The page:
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"By denying scientific principles, one may maintain any paradox." – Galileo Galilei

Congressional Committee Pushes For Answers About Federal Funding of Foreign Agencies

As reported by Bloomberg BNA on Friday, March 24, the U.S. House Committee on Science, Space and Technology sent a letter to U.S. Health and Human Services (HHS) Secretary Tom Price last Friday formally launching an investigation into numerous grants and contracts awarded to the Ramazzini Institute and its affiliates at the Collegium Ramazzini. The Ramazzini Institute is a foreign cancer research agency that is funded in large part by U.S. taxpayers. In years past, the institute has been widely criticized for lacking scientific integrity and has shrouded its lab results in secrecy.


If that all sounds familiar — it’s because the International Agency for Cancer Research (IARC) has been accused of the same. And as it turns out, Ramazzini and IARC’s similarities don’t end there.


The House Committee on Science letter was prompted by an Energy & Environment Legal Institute (E&E Legal) lawsuit to compel the National Institutes of Health (NIH) to respond to a Freedom of Information Act (FOIA) request.  The FOIA request sought certain records associated with several grants and contracts, including grants to the Ramazzini Institute and its affiliates; NIH failed to respond.


The House Science Committee’s letter, authored by Chairman Lamar Smith (R-Texas) and Oversight Subcommittee Chairman Darin LaHood (R-Ill.), expresses concerns regarding HHS’s funding and ties to Ramazzini, stating:


“The Committee is investigating the scientific integrity of the work performed by NIEHS contract and grant recipients. According to public records, the Ramazzini Institute, an independent international science academy that conducts cancer related studies, benefited from at least seven sole source government contracts. The Committee is concerned that contracts awarded to the Ramazzini Institute and its affiliates may not meet adequate scientific integrity standards. Additionally, these sole source contracts raise questions about the integrity of the acquisition process at NIH and NEIHS.  We are writing to request documents and information to determine whether NIEHS is complying with all federal acquisition regulations and ensuring award recipients are adhering to the utmost standards of scientific integrity.” (emphasis added)


The Committee has good reason to be skeptical of funding being awarded to the Ramazzini Institute.  Similar to IARC, Ramazzini Institute has long been the subject of considerable controversy for its research. The institute made a significant splash in 2005, when it declared aspartame was carcinogenic.  However, this analysis was widely panned by both the European Food Safety Authority (EFSA) and the U.S. Food and Drug Administration (FDA). The Ramazzini Institute also stirred the scientific community in 2012 by linking sucralose to cancer. The initial presentation of its findings at the Children with Cancer conference in London prompted accusations of scaremongering and a lack of responsibility in handling public health concerns. Criticism later resurfaced when the study was finally published in 2016, with many scientists pointing out that the Ramazzini’s work did not follow international standards for assessing safety.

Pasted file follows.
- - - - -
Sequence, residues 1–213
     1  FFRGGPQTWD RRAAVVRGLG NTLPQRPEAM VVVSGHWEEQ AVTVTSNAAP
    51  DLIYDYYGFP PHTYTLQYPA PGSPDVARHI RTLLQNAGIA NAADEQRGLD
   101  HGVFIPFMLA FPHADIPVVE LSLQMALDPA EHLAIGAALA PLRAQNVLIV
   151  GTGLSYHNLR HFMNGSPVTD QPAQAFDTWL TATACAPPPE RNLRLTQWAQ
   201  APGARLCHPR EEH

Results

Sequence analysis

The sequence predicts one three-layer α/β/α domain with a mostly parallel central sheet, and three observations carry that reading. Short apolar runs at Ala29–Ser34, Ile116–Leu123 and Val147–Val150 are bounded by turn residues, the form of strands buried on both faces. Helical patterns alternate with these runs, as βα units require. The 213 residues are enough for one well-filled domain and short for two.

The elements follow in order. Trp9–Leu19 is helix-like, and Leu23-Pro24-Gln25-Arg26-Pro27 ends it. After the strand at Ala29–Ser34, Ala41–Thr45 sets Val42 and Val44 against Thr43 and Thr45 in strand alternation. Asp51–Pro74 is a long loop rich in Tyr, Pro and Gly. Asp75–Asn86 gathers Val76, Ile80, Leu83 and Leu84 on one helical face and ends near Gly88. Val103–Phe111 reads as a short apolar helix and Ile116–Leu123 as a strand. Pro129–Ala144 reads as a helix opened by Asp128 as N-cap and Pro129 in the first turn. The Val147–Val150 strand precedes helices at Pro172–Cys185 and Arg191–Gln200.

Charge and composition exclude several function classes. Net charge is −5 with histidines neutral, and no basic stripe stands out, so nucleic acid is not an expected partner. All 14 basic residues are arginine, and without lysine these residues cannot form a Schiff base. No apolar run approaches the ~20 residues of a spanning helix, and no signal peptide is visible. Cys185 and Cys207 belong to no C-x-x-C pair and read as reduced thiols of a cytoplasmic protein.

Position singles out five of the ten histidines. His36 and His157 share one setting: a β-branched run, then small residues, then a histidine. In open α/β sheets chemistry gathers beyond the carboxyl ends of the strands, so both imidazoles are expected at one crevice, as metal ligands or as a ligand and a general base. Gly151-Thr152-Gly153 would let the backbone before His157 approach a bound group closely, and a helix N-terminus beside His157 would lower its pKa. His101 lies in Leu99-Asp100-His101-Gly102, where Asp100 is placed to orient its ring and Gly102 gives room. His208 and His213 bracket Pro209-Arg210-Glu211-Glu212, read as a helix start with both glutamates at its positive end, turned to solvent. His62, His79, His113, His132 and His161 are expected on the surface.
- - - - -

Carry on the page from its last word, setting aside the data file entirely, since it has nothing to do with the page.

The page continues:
Moreover, this is not the first time Congress has called out the institute for scrutiny.  In 2012, Members of the House and the Senate wrote a letter to the U.S. Environmental Protection Agency (EPA) regarding the use of Ramazzini studies when conducting chemical risk assessments. That letter stated that, according to the EPA, agency scientists “identified discrepancies in the results of methanol studies conducted by the Ramazzini Institute.” After some investigation, EPA determined that several of the Ramazzini Institute’s studies could not be relied upon.


Despite these controversies, the Ramazzini Institute has several close ties not only to IARC, but NIH and EPA.


For instance, several IARC Monograph Working Group members — including five members of IARC’s controversial Monograph 112, which examined several herbicides and pesticides, including glyphosate — are Ramazzini fellows. Kurt Straif, the head of the IARC Monograph program, is himself a member of the Collegium Ramazzini.


The House Science letter notes the lion’s share of government funding for members of the Collegium Ramazzini is provided by NIEHS and NTP, led by Linda Birnbaum, a member of the Collegium. Since she became Director of NIEHS and NTP in 2009, one third of the support received by Collegium Members ($92 million) has come from these programs.  In fact, the head of the research department at the Ramazzini Institute, Dr. Fiorella Belpoggi, even has an HHS email address.


In addition to these connections, the House Science Committee letter notes that Ramazzini is listed in 13 contracts on through four different third parties totaling nearly $2 million. More than $1 million appears attributable to five contracts with public relations firm Professional & Scientific Associates (PSA). The Ramazzini Institute was also a part of five different NCI (NIH) grants to the New York University School of Medicine from 2000-2004 totaling more than $6 million in funding.


Millions of dollars in federal funding and numerous ties between Ramazzini, IARC and U.S. federal regulatory agencies considered, it’s no wonder the House Science Committee and E&E Legal are asking questions. And considering Ramazzini and IARC’s work is becoming more and more associated with activism than science, it’s clear the American people deserve answers.